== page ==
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Corcovado, Costa Rica: where everyone is a nature photographer

Our guest blogger Traveling Ted asks: Have you ever dreamed of being a nature photographer, but the thought of sitting in a humid, bug-infested jungle for months waiting for a bird to show up and dance does not appeal? Or maybe sleeping in grizzly country waiting for a wolverine is not your cup of tea?

If dealing with the hardships one must endure to photograph nature is not in your blood, yet you still want beautiful close-up shots of nature, then Corcovado National Park in Costa Rica is for you. It is not easy to get to as it is in the remote Osa Peninsula in the country’s far southwest coast, but once you are there you will think you are in a zoo.

National Geographic calls the jungle one of the most biologically intense places in the world. The heart of the park is the Sirena Ranger Station located on the coast in the middle of the park. 

One can hike in following the coast at either entry point in the park, hike inland from Los Patos, or enter via a plane or boat. Believe it or not, there is a remote airstrip in the middle of the jungle and for USD$50 it is possible to fly in. For those that do not have much time to stay in Corcovado, this option is highly recommended. The view coming into the park from the small plane is worth the money in itself.

Flying into Sirena saves a 6-8 hour hike, depending on which way you arrive. This is where the best animal and bird spotting occur, so you might as well fly in and save your time to hike the trail network in Sirena. If you have time, hiking into the Sirena is quite an adventure and worth the effort. 

On a recent trip, the nature sightings began slowly as the first 10-15 minutes only netted a termite hill and some lizards. Suddenly everything changed. We saw troops of spider, howler, and squirrel monkeys; we saw these amazing wild turkeys called currosows, several toucans and later on a Baird’s tapir with a baby. Tapirs are a distant relative to the rhinoceros and they are endangered, so not an animal one sees every day.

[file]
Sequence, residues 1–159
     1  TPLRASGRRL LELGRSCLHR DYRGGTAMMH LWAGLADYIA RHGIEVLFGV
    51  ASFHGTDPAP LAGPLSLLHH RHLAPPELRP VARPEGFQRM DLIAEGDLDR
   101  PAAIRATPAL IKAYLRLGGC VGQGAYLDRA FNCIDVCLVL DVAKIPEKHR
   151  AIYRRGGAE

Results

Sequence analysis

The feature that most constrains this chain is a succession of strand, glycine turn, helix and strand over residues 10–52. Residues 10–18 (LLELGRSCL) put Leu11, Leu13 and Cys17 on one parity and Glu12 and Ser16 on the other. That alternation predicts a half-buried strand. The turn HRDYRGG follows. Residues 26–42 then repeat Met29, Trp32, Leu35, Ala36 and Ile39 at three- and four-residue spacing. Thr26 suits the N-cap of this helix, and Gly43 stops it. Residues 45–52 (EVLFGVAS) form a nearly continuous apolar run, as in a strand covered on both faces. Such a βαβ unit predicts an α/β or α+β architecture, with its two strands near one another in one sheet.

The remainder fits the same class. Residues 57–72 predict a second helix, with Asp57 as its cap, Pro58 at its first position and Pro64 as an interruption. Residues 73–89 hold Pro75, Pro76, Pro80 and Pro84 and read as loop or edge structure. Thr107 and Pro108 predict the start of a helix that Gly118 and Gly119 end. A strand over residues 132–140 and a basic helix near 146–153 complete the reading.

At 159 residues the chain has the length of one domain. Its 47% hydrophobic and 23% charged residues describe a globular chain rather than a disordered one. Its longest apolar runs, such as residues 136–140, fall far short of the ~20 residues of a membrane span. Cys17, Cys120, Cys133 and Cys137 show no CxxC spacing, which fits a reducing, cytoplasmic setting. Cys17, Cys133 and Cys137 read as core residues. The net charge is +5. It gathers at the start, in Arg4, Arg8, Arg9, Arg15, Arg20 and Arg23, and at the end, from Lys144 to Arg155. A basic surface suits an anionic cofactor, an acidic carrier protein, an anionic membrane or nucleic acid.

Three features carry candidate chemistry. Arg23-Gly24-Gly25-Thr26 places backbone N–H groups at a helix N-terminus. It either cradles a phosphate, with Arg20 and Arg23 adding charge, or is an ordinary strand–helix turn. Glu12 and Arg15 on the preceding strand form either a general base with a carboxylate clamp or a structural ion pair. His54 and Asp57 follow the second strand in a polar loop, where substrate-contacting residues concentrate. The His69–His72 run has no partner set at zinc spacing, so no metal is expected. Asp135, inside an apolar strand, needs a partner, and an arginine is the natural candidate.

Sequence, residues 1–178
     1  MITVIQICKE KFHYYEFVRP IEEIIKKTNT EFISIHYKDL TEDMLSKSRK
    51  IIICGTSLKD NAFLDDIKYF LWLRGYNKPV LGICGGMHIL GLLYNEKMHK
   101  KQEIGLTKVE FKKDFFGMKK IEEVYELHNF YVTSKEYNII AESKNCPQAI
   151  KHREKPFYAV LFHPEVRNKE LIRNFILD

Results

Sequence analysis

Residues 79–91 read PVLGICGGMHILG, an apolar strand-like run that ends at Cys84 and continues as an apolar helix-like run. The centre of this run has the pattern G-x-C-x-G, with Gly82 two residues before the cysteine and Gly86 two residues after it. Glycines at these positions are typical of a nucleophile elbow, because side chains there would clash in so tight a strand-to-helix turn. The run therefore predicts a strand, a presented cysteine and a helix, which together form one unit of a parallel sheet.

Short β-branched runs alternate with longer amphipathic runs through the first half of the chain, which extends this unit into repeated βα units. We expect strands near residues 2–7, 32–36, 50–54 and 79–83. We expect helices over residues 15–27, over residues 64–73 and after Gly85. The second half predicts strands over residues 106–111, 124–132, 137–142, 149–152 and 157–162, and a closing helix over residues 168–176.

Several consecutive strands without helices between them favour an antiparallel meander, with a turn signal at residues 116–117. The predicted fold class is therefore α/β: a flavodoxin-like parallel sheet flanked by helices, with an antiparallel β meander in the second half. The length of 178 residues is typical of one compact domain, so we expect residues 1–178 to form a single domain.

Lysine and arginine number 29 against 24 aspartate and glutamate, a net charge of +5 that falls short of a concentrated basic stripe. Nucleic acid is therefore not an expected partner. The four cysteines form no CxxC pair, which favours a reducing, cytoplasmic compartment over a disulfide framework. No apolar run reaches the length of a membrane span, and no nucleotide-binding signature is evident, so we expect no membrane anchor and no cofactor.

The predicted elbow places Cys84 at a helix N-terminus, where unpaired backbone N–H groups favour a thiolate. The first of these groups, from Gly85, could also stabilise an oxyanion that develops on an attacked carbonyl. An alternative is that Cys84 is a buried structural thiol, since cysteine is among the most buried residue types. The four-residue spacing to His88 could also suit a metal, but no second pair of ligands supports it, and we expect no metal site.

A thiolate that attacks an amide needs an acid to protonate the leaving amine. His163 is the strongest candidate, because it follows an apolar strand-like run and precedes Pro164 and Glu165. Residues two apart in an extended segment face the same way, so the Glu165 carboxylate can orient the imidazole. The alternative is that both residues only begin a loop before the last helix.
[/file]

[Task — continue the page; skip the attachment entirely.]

Corcovado also has anteaters, pumas, and jaguars. A sign at Sirena gives advice on what to do if a feline is encountered. We did not see any, but another guide had spotted a mother puma and a baby a couple of days before just outside of the park.

The birdlife is awesome as well. We saw tiger herons, hummingbirds, hawks, vultures, eagles, flycatchers, and various other pretty birds which I could not identify. Corcovado National Park in Costa Rica is a place where even a point and shoot digital photographer can take amazing shots of nature.

About the Author: Traveling Ted has been adventure traveling since he was ten years old. His first trip was a three day hiking trip in the Porcupine Mountains in the Upper Peninsula of Michigan in 1980. Since then he has hiked, canoed, and skied through the Midwest, the United States, and the world. His favorite places include Quetico Provincial Park in Canada, Everglades National park in Florida, and Khao Yai National Park in Thailand. Check out his blog, Traveling Ted or follow him on twitter.

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